An illuminating example of the “dynamic of denial” over unsafe abortion occurred in April 2010. The prestigious journal The Lancet published a paper by researchers from the Institute for Health Metrics and Evaluation (IHME), announcing a reduced estimate of 342,900 maternal deaths for 2008 (In 2005, the WHO estimated 536,000 deaths of women each year due to pregnancy-related causes, with 13% – 70,000 – because of unsafe abortion). Although the new lower numbers are cause for celebration, the authors of the Lancet paper inexplicably made no mention whatsoever of unsafe abortion as a major cause of maternal mortality. This was a highly regrettable and damaging omission, considering the article was published amidst renewed global awareness of the need to combat maternal mortality leading up to the June G8/G20 summit in Canada – and during the political firestorm in Canada when Conservative Prime Minister Stephen Harper refused to fund safe abortion in his G8 maternal/child health initiative.
Why did this crucial omission occur? The Lancet study authors failed to itemize causes of maternal mortality and simply lumped most of them into “direct obstetric causes” and “causes aggravated by pregnancy.” When questioned on the omission, IHME’s Director of Communications, Jill Oviatt, responded that their research “did not look at specific causes of maternal deaths” because “this is a different research area, and one that we are currently working on.” (Personal communication, July 14). However, the study authors did list various causes of maternal deaths that are often misclassified, but still managed to omit induced abortion, which surely must be one of the most misclassified causes of maternal death in the world. Complications and deaths from illegal abortion are frequently reported as caused by miscarriage or other factors, and it’s well known that many women deny having had an abortion if asked.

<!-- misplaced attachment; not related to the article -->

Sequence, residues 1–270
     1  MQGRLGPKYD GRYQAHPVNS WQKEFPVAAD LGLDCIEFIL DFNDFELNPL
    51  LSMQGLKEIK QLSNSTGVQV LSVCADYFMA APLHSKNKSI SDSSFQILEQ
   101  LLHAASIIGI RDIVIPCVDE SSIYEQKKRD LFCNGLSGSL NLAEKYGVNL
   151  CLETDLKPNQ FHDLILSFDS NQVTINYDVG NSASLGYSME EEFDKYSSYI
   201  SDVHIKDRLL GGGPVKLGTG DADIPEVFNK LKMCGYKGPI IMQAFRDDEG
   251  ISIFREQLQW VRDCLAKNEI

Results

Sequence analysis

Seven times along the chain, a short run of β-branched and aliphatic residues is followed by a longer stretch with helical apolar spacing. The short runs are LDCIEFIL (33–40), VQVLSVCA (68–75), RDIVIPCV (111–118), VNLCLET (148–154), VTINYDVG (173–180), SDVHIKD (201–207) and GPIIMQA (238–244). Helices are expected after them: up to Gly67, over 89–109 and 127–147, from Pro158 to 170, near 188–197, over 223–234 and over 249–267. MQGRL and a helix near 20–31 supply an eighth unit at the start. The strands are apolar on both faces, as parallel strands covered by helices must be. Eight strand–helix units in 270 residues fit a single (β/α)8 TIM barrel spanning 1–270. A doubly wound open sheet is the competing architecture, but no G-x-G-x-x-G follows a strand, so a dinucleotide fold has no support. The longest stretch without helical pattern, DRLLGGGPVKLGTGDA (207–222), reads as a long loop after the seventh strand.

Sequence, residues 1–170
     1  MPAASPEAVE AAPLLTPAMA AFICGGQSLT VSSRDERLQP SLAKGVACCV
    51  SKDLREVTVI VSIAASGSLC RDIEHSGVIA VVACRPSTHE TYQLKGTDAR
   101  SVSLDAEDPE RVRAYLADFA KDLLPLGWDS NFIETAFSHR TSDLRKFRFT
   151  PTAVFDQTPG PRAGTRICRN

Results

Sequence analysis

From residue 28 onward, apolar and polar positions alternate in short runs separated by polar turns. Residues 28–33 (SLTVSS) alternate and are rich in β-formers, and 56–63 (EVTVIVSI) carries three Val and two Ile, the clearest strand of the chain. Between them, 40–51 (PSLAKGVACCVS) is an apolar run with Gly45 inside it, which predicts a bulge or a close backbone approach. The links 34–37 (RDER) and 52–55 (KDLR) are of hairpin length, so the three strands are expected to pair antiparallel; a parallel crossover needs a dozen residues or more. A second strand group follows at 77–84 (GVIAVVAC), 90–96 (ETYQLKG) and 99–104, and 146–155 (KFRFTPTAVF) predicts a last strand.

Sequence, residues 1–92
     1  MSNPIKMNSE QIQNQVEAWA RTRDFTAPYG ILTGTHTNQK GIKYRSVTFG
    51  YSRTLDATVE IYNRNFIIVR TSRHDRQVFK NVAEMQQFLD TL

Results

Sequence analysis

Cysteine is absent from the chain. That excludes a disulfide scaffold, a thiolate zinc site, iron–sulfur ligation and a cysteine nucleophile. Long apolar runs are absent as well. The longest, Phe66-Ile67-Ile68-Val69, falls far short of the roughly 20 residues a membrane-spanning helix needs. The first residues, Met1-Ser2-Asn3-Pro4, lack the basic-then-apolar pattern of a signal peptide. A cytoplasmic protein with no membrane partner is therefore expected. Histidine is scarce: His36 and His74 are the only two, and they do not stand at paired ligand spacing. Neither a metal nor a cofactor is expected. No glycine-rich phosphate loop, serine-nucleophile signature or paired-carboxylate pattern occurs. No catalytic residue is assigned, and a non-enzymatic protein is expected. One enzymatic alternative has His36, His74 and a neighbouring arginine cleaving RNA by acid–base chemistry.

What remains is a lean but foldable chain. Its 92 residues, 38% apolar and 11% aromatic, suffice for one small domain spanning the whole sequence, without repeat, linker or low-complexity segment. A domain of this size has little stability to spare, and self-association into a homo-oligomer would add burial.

The total lack of mention of unsafe abortion in the Lancet paper provoked criticism from some, including in a subsequent Lancet letter (see here, here, and here). It also gave a tremendous boost to anti-choice groups, who in numerous articles, pointed to that omission in order to minimize deaths from unsafe abortion and claim that WHO’s estimated numbers are “creative math.” (Also see here, here, here, here, here, here, here, and here.)
The Lancet study was funded by Bill and Melinda Gates, who refuse to directly address unsafe abortion or fund safe abortion care. However, the IHME said that the Gates did not require the omission of abortion as a condition of funding for their study. “The [Gates] Foundation is not involved in our daily activities and does not supervise our work. … The Foundation has no approval process over what we publish and how our research articles are worded.” (Personal communication, July 14)
The Gates Foundation has probably been the most prominent and generous funder of maternal and child health initiatives, pledging $1.5 billion for that purpose at the 2010 G8 summit. But when asked about abortion, Melinda Gates, who is Catholic, said: “The foundation specifically doesn’t take a stance on abortion for exactly this reason, is we don’t want to be part of the controversy or stem that controversy.” She added that giving women family planning tools can reduce the demand for abortions. While that is true, there will always be a need for abortion, as the UN itself admits by acknowledging that contraception is not always available or effective and that women will resort to abortion when faced with an unwanted pregnancy.
It is an absolute disgrace that so little is being done to change the punitive abortion laws in developing countries, when the evidence of their grave harm is so conclusive and overwhelming. The absurdity of enforcing laws that produce zero benefits and numerous, often catastrophic harms is a consequence of allowing religious beliefs to govern law and politics. Also scandalous is the imposition of criminal laws onto the field of evidence-based medicine, because political interference with the doctor/patent relationship obstructs best care practices and puts lives and health at risk.
Why is legalizing abortion not a top priority in development efforts or global human rights dialogues? Why are people listening to and respecting the voices of anti-abortion countries and religious fundamentalists? Why does patriarchy and sexism still rule the day, at the expense of women’s lives?
Maternal mortality and morbidity from unsafe abortion will never end until women live in a safe and respectful environment, free of laws that criminalize them for being women – because most women everywhere will resort to abortion in order to support their families, protect the children they already have, and save their own lives. As long as abortion remains illegal, this much-cited comment will remain true:
“Women are not dying because of diseases we cannot treat. They are dying because societies have yet to make the decision that their lives are worth saving.” — Mahmoud Fathalla, Former President of the International Federation of Gynaecology and Obstetrics, 1997
The author would like to thank Christian Fiala, MD, PhD, for contributing to this article.